This overview of President Biden’s nominated members to the Merit Systems Protection Board (MSPB) was sent as part of National Whistleblower Center’s (NWC) Sunday Reading series that aims to educate supporters about specific whistleblower legislative or policy initiatives. For more information like this, please join our mailing list.
In September, President Joe Biden nominated three members to the Merit Systems Protection Board (MSPB), the quasi-judicial agency tasked with oversight of federal employee whistleblower complaints and appeals, taking crucial steps toward filling vacancies. Since 2017, the MSPB has been rendered moot without a quorum, and whistleblowers have suffered. This lack of a quorum has led to an unprecedented backlog of more than 3,000 cases, which is the first challenge these nominees will face if confirmed.
The three nominees, Cathy A. Harris, Raymond Limon, and Tristan Leavitt appeared before the Senate Committee on Homeland Security & Government Affairs to respond to questions and affirm their support for the MSPB’s mission. On October 6, the committee voted to advance the nominees.
A vote on the nominees by the full Senate, the final step of the confirmation process, has yet to be scheduled. Given the crisis at the MPSB caused by the lack of a quorum, whistleblower advocates continue to call for a quick confirmation process.
At their hearing, the nominees answered questions and laid out their thoughts about the future of the MSPB and the future of protecting whistleblowers. Cathy A. Harris, an attorney and former chair of her firm’s sexual harassment and LGBT practice, was nominated as Chair of the MSPB. Harris has represented an array of employees in many aspects including discrimination, retaliation, hostile work environments, terminations, and whistleblowing. Harris has also represented many of those clients before the MSPB, as well as the U.S. Equal Employment Opportunity Commission and the U.S. Office of Special Counsel.
During the hearing, Harris touched upon how the MSPB is a premiere tool for protecting whistleblowers. She commented that while rules and regulations may be a barrier to some whistleblowers, the biggest barrier “is that they think nothing will happen; nothing will change,” emphasizing that promoting a culture, top-down, by training and preparing managers and senior staff is critically important. In her opening statement, she remarks that reducing the MSPB’s backlog of cases is her utmost priority.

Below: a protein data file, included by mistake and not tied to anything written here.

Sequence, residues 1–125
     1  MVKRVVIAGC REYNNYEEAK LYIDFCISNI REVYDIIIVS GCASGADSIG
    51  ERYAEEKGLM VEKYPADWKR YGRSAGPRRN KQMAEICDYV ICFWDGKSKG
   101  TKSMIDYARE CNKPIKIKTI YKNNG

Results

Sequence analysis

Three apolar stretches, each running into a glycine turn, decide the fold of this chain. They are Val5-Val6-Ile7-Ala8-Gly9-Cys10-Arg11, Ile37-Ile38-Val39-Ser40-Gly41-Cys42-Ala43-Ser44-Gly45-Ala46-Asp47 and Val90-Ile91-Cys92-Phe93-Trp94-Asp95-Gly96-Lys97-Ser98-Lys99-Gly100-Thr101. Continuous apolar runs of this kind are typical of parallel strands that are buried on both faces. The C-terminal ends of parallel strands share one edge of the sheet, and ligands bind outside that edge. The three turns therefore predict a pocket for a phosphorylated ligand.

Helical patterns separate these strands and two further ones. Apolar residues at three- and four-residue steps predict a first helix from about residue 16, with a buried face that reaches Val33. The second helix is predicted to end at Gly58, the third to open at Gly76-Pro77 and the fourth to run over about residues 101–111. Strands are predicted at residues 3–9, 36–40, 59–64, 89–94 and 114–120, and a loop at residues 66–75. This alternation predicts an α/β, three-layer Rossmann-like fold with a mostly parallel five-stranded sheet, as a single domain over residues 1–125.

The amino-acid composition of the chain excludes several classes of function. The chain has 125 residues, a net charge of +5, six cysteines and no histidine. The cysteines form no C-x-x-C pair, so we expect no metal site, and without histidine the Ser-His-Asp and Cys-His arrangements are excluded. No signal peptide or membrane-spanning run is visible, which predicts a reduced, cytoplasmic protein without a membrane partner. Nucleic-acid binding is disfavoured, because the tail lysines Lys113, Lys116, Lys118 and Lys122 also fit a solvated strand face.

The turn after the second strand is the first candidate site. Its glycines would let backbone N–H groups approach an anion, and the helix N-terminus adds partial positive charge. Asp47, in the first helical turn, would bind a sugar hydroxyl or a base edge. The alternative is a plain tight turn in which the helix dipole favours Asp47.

For the position of Vice-Chair, President Biden nominated Raymond Limon, a human resources professional with a long resume in the federal government. While not having as much direct experience with whistleblowers as his fellow nominees, Limon echoed Harris’ sentiments on a changing culture and affirmed his commitment to promoting and protecting the merit systems principles. In his remarks, Limon highlighted his years of work, stating that “the common thread running through my career has been my wholehearted commitment to public service.” His commitment shows in his career as Chief Human Capital Officer at the Department of the Interior and before as Deputy Assistant Secretary for Human Capital and Diversity wherein he provides strategic human capital, safety and health trainings, and other services for the Department’s more than 70,000 employees.
Lastly Tristan Leavitt, the nominee most experienced with whistleblowers and the MSPB, spoke at length about his work as general counsel and acting MSPB chief executive, a position he has held since 2019. In his opening statement, Leavitt said, “Anyone who knows me probably knows me best for being passionate about the importance of protecting whistleblowers.” Senator Chuck Grassley (R-IA), a ranking member on the Committee, recognized this passion stating that there are “few who have worked harder for whistleblowers than Leavitt,” and concluding that “you’ll be hard-pressed to find someone with more experience working for good government and accountability.”
This is not Leavitt’s first hearing on the MSPB either, in July 2019, Leavitt testified before the Subcommittee on Oversight and Investigations about whistleblowers at the Department of Veterans Affairs. There, he noted that he believes the MSPB “understands that Congress, the Executive Branch, and the American public are counting on it to be the front lines of sorting through these issues,” addressing the growing backlog. Leavitt’s tenure at the MSPB makes him a valuable nominee with real experience working with whistleblowers from the Board’s perspective. In response to the question on the barriers whistleblowers face, Leavitt was the first to say that “one of the biggest barriers isn’t necessarily the law, but it’s just the culture that exists in many agencies.” He says that “taking those laws, applying them fairly, and making sure the tools that are there to protect whistleblowers are used fairly is really an important role that the Board can fulfill to help send that message across the government and help create that culture.” At NWC’s 2018 National Whistleblower Day celebration, Leavitt said that “Whistleblowers are the most patriotic people I know,” and, in closing out, thanked all the whistleblowers noting that “all of us and the American people owe you a great debt.”
With these nominees, the MSPB has a bright future with three much needed whistleblower advocates. NWC urges the swift confirmation of President Biden’s nominees and looks forward to working with them and supporting their work to end the backlog, change the culture, and protect whistleblowers.